ILNews

Justices accept sex-offender registry cases

Michael W. Hoskins
January 1, 2008
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The Indiana Supreme Court is taking on three issues relating to sex-offender restrictions, from when juveniles can be placed on a statewide registry to whether someone can be placed on the list for life.

Justices granted transfer in the past week for three criminal cases relating specifically to sex offenders and when people convicted of those crimes must have their names put on the online-accessible public registry.

In J.C.C. v. State of Indiana, No. 49A02-0403-JV-266, the court is taking on a case that asks whether a Marion Superior magistrate erred in 2000 when ordering a 14-year-old boy who'd forced younger boys into various sexual acts to be placed on the state's sex-offender registry. Magistrate Christopher Piazza had determined enough evidence existed to prove that the juvenile would re-offend - a standard established in caselaw exploring differences in the adult criminal justice and juvenile delinquency systems. The Indiana Court of Appeals upheld the trial court's decision in a Not for Publication ruling Dec. 28, 2007, also affirming that the juvenile court didn't abuse its discretion when denying a motion to set aside the adjudications.

A second case, Richard P. Wallace v. State of Indiana, No. 49A02-0706-CR-498, involves an issue being argued in various state courts relating to other sex-offender restrictions. Wallace is appealing a January decision from the appellate court on his failure to register as a sex offender, which he argues is unconstitutional because it's an ex post facto law and the state had forfeited the prosecutorial right because of a plea agreement. Wallace pleaded guilty to child molesting in February 1989, and was ordered to a five-year suspended sentence with probation. Years later, Wallace argued his agreement hadn't stipulated he register as a sex offender because the state statute changes that would have required him to do so weren't passed until 2001. The appeals court panel dismissed his ex post facto claims and affirmed the decision by Marion Superior Judge Lisa Borges.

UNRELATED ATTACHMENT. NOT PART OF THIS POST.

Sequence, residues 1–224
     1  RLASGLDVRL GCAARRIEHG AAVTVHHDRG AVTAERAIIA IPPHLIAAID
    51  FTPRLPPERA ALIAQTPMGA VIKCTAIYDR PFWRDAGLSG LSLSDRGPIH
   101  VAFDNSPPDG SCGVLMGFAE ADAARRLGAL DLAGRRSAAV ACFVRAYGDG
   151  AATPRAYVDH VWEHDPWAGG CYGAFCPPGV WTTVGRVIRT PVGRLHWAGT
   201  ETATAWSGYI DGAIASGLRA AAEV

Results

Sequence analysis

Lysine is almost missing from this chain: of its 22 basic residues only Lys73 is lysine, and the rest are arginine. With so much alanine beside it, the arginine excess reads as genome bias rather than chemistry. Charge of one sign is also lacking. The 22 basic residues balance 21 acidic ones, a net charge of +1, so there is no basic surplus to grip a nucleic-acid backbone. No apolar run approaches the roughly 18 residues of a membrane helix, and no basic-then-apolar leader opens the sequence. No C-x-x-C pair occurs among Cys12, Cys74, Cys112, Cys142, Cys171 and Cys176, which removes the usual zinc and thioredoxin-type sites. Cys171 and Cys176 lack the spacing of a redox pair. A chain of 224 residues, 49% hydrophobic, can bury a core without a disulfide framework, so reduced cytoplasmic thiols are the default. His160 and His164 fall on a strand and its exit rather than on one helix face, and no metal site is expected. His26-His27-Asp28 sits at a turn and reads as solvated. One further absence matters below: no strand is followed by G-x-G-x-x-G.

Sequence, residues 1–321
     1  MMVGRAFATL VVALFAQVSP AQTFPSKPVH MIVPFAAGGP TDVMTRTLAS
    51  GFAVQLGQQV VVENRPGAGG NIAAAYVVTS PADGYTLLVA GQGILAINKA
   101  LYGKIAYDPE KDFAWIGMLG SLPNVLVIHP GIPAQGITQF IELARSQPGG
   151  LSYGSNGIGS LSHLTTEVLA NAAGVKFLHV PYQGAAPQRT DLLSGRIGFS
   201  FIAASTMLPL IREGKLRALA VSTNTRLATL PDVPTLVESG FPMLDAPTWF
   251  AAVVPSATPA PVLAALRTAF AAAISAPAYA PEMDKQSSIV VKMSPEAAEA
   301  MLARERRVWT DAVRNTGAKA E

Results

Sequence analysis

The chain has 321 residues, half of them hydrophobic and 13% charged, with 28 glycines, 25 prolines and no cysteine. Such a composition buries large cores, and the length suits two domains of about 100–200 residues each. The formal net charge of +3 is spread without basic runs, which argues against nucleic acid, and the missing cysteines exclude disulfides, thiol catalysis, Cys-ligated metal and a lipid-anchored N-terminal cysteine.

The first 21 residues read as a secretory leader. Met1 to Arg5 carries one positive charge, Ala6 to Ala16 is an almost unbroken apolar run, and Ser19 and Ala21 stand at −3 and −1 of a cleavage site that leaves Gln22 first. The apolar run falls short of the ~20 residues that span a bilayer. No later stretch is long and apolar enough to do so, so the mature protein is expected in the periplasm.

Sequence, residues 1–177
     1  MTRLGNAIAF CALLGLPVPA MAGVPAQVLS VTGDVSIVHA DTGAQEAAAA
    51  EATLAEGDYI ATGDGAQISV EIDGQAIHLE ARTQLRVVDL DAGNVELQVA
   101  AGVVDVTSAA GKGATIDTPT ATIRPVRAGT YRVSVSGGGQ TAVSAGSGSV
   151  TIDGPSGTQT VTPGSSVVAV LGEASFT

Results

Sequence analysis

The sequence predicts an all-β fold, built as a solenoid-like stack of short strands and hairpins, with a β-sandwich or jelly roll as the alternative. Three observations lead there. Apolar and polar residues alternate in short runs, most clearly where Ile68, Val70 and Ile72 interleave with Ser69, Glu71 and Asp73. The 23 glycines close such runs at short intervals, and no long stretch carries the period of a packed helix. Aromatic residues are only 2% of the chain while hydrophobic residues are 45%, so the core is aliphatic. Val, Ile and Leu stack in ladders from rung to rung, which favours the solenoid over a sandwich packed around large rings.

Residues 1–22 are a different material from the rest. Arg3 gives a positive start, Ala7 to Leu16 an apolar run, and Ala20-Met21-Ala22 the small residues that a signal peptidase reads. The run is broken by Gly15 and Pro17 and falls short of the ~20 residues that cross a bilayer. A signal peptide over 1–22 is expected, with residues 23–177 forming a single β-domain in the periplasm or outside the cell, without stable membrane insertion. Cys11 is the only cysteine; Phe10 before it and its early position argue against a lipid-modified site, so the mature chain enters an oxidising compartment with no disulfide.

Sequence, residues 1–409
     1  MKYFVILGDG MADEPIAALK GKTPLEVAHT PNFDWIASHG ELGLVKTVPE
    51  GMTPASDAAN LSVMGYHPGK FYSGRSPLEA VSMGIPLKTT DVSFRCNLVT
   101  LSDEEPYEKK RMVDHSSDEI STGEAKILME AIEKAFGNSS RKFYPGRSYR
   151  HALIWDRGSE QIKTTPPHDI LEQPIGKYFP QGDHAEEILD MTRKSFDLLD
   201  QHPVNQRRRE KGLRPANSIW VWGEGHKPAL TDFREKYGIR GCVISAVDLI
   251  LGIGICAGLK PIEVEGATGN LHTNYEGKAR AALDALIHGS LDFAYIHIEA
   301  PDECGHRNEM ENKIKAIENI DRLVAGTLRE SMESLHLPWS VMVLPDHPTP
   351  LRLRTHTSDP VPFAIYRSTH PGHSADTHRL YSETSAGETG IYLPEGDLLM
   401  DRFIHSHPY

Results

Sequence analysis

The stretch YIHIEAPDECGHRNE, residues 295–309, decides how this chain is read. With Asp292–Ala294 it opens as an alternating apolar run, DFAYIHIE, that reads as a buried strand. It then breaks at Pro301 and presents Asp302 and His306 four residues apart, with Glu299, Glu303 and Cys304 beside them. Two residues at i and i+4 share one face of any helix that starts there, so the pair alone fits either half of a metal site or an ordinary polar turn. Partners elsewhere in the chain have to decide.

In Todd L. Jensen v. State of Indiana, No. 02A04-0706-CR-351, justices will consider whether Allen Superior Judge Frances Gull correctly ordered a man classified as a sexually violent predator to register on the statewide list for life. Jensen pleaded guilty in 2000 to child molesting and vicarious sexual gratification, was sentenced to prison, and formally released from probation in July 2004. He annually registered for the Indiana Sex Offender Registry, as he was required to do for 10 years, but was informed in September 2006 that he'd have to register for life as a sexually violent predator. The trial judge considered his registration status and determined he'd have to register, but the Court of Appeals in December 2007 reversed on grounds it violated the ex post facto considerations and ordered on remand Jensen abide by the 10-year registration requirement.

Judge Cale Bradford disagreed with the majority panel of Senior Judge Jonathan Robertson and Judge John Sharpnack, writing a dissent that noted he didn't believe any violation existed and he would have affirmed the trial court decision.

He wrote, "Given the public interest in certain informational filings, it is my opinion that requiring a sexually violent predator to maintain his current address in the registry, even for a lifetime, does not rise to the level of being so punitive as to overcome its non-punitive legislative intent, that is, to monitor the whereabouts of a violent sexual predator, the necessity of which does not diminish over time."